Born in a small town in the north of England, Mantel did not set out to be a writer; indeed, "I was the first person in my family to go to university," she explained to Publishers Weekly interviewer Jean Richardson. "And in my teens I believed I could do anything." Mantel studied law at the London School of Economics, but eschewed a career in politics to take a job as a social worker. When she realized she wanted to pursue writing, Mantel began to seek out quiet places to contemplate and create. One favorite spot was in a department store where she worked. Mantel would bunker down in "the sheepskin department in August," as she related to Richardson. "I was left alone for hours and hours and I could form up my sentences and marshal my thoughts." The budding author set a big goal for herself: an epic novel set in Revolutionary France.
Mantel's marriage to geologist Gerald McEwen took her to Botswana, where she taught in an elementary school and treasured the isolation as an environment for writing. With the French Revolution story stalled, Mantel decided to try something more contemporary in theme, and eventually found a publisher for her debut novel, Every Day Is Mother's Day.
Every Day Is Mother's Day was greeted enthusiastically by British critics, London Magazine contributor John Mellors providing a typical assessment in calling Mantel's literary debut "an accomplished novel of striking originality." Based loosely on the author's experiences, Every Day Is Mother's Day follows Isabel, a young social worker who takes on the case of a mentally retarded girl who lives with her emotionally disturbed mother. At once a "simple black comedy" and "a savage satire on social services" in the view of Daily Mail reviewer Auberon Waugh, Every Day Is Mother's Day depicts "one of the bleakest commentaries on contemporary English life I have every read." The Daily Mail columnist went on to herald the author as a major new talent.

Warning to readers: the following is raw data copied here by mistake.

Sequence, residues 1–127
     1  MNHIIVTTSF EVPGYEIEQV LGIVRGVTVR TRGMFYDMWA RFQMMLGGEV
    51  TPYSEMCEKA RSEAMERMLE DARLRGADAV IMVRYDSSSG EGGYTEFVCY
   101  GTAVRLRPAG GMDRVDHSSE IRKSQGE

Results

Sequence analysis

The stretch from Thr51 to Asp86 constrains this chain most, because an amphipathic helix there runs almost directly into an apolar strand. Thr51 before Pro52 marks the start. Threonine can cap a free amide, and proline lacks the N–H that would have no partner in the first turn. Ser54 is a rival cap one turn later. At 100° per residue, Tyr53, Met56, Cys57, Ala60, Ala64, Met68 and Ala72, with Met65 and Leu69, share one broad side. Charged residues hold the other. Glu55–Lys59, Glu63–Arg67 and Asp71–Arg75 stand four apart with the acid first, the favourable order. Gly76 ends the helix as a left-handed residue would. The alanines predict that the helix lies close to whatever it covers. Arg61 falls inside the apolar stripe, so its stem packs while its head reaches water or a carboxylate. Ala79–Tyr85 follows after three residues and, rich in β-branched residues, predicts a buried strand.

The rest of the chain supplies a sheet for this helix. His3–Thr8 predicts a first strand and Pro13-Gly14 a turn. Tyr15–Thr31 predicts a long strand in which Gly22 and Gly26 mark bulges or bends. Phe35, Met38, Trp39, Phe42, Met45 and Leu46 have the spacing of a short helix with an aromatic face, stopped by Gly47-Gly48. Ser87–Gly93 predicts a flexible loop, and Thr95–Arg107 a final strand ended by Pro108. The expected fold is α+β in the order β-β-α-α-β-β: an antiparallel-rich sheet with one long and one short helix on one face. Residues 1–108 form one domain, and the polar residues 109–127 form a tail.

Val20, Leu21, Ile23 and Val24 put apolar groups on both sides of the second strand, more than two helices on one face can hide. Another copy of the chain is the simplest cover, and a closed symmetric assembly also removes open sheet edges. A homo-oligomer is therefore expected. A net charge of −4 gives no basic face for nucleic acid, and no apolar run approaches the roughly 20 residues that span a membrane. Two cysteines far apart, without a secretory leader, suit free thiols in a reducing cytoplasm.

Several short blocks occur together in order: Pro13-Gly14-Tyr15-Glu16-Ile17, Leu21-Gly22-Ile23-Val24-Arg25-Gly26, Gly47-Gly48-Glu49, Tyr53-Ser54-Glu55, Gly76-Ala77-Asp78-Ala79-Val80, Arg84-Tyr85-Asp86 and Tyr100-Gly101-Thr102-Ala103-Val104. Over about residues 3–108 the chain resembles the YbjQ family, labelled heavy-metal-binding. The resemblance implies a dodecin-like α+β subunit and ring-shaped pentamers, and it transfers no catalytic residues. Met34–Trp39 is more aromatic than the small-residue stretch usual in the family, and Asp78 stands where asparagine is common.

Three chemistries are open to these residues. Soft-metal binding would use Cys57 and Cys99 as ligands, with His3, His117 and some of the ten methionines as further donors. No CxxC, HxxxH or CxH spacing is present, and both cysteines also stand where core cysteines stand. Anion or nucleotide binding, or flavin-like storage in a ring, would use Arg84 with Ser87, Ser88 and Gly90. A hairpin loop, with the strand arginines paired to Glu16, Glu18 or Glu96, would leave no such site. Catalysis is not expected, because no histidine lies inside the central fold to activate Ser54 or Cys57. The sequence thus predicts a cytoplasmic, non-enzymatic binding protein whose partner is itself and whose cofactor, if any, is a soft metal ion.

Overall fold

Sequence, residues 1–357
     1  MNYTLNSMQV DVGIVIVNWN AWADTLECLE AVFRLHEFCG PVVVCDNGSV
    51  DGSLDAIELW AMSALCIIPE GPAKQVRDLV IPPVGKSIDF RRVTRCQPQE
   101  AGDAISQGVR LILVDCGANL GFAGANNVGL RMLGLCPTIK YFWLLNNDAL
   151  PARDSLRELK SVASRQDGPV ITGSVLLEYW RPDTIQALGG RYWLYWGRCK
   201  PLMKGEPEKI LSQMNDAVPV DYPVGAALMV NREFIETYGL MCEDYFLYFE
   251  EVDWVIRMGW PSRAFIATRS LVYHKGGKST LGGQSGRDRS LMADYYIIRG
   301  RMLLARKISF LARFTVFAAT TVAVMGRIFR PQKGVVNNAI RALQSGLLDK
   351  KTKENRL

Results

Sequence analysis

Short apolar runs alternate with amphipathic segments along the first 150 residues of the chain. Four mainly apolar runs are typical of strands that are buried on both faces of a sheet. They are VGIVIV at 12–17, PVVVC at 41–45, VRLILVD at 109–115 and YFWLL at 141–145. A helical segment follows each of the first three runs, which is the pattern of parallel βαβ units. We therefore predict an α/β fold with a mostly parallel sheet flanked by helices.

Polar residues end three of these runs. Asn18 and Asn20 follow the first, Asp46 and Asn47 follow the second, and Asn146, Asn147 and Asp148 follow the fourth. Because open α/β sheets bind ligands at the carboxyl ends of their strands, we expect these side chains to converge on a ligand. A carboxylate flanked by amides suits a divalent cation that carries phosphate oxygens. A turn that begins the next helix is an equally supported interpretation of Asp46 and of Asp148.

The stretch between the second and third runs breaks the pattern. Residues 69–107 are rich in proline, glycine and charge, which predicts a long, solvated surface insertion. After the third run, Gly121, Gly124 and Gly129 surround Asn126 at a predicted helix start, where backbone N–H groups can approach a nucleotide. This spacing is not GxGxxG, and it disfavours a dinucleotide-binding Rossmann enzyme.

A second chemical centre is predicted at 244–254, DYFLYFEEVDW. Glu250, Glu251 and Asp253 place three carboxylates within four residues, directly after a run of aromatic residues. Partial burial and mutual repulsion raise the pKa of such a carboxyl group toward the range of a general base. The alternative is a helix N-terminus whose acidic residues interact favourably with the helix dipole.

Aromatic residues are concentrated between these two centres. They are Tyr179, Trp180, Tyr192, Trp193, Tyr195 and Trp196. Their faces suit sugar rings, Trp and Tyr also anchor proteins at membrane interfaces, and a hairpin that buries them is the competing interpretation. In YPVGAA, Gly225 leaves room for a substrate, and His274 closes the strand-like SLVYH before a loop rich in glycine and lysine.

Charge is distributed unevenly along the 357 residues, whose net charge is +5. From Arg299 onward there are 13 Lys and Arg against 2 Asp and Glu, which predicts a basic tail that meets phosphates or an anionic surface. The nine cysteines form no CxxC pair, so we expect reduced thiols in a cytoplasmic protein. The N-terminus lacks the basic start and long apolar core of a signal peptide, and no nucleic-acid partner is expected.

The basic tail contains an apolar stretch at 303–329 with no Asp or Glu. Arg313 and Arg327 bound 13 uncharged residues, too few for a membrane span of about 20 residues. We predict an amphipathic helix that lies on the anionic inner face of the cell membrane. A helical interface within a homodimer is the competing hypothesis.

Mantel followed Every Day Is Mother's Day with a sequel, Vacant Possession. The 1986 novel takes place ten years later as the now-grown daughter, Muriel, is released from a mental institution and bent on wreaking revenge on a variety of victims, including social worker Isabel. The novel, stated Danise Hoover in Booklist, "will make you laugh, but you won't feel comfortable about it."